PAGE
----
Tim, we're not talking about dead languages or conlangs.
We're talking about languages that are spoken by real, tangible people
as their everyday native language, and which have at least 5
supporters, native speaker support, and no oposition at all.
Specifically, now people are waiting for Ladino, Waray-Waray, and
Neapolitan. You can look any of them up on Ethnologue if you like.
Waray-Waray and Neapolitan have millions of speakers; Ladino has at
least tens of thousands but might have more.
These requests have many supporters, native speaker support
(especially in the case of Ladino and Neapolitan, where heaps of
native speakers dropped by to show their support), and no opposition.
On 24/09/05, Tim Starling <t.starling(a)physics.unimelb.edu.au> wrote:
Arbeo M wrote:
... at least not for the past three months or
In the past you only had to drop the name of some
language you'd heard of and a new wiki for that
language was created right away. This surely wasn't a
very intelligent approach, for it left us with quite a
number of inactive Wikipedias.
Nowadays, it's the opposite extreme: there are heaps
of requests that have been discussed very thoroughly
by the community (cf.
Some of them are pretty well-qualified and supported
by numerous native speakers willing to contribute.
However, not a single new Wikipedia has been set up
for quite a while now.
Some time ago there had been a remark that it was hard
for our developers to recognize which new language
proposals can be considered as accepeted by the
community (and therefore created). That's why I made a
separate page intended to list languages that
unambiguously qualify for a new wiki (cf.
Since this can be a controversial question I only
placed those cases there that are 100 % unequivocal
(at least 5 supporters, at least 2 native speakers,
ISO code, no objections, etc.).
I've stated my position on new language wikis, and we've been through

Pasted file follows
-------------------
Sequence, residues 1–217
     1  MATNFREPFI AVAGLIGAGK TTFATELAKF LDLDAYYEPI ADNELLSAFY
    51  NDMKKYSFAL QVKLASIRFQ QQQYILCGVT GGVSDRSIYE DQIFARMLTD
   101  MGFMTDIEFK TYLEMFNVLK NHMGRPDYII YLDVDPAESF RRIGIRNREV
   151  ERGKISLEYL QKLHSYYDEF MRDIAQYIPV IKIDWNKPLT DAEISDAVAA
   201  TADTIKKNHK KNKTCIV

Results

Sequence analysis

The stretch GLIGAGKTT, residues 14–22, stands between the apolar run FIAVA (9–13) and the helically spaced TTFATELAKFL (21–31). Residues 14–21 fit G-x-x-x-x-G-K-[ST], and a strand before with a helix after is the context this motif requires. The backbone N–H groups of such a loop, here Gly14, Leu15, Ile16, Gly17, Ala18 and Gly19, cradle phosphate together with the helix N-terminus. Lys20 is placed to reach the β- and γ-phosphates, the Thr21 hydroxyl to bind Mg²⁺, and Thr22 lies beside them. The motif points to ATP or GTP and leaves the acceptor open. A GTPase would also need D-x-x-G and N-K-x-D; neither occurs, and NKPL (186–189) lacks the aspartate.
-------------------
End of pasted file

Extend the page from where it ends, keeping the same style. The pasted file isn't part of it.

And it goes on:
all the arguments before. Just because I'm no longer interested in
arguing every case, or putting my name on the oppose votes, doesn't mean
I've changed my mind.
I created 5 new Wikipedias in June because I received a request from a
Wikimedia Board member. If I receive another such specific request, I'll
carry it out. I do that out of loyalty to them, not because I think it
contributes to our mission.
The problem with voting on the matter is that it is a vote to expand the
community. It should come as no surprise that those people who are on
the outside are voting to be on the inside. As I've previously said, we
should judge the value of a wiki by the number of readers, and by the
information it brings to those readers, not by the number of editors. A
Wikipedia in Anglo Saxon is a failure regardless of how many articles or
editors it has. I know Anglo Saxon is an extreme case, but I'm not
prepared to argue about every point in between, especially not when a
certain annoying person dominates every discussion. I tired of the
repetitive debate long ago, so I'm happy to consider the current set of
languages sufficient. Hopefully if there's any really important
languages that we've missed, a Board member will let me know.
Before any misunderstandings might arise: I know that
our developers are extremely busy (and AFAIK unpaid,
too - good gosh...). I was just wondering if somebody
has an idea how we could remedy this situation and
maybe have, like, one new WP per month (so we don't
lose too many potential new contributors)?
If those potential new contributors only want to write articles in some
little-known conlang, I won't shed any tears if they stay away.
-- Tim Starling
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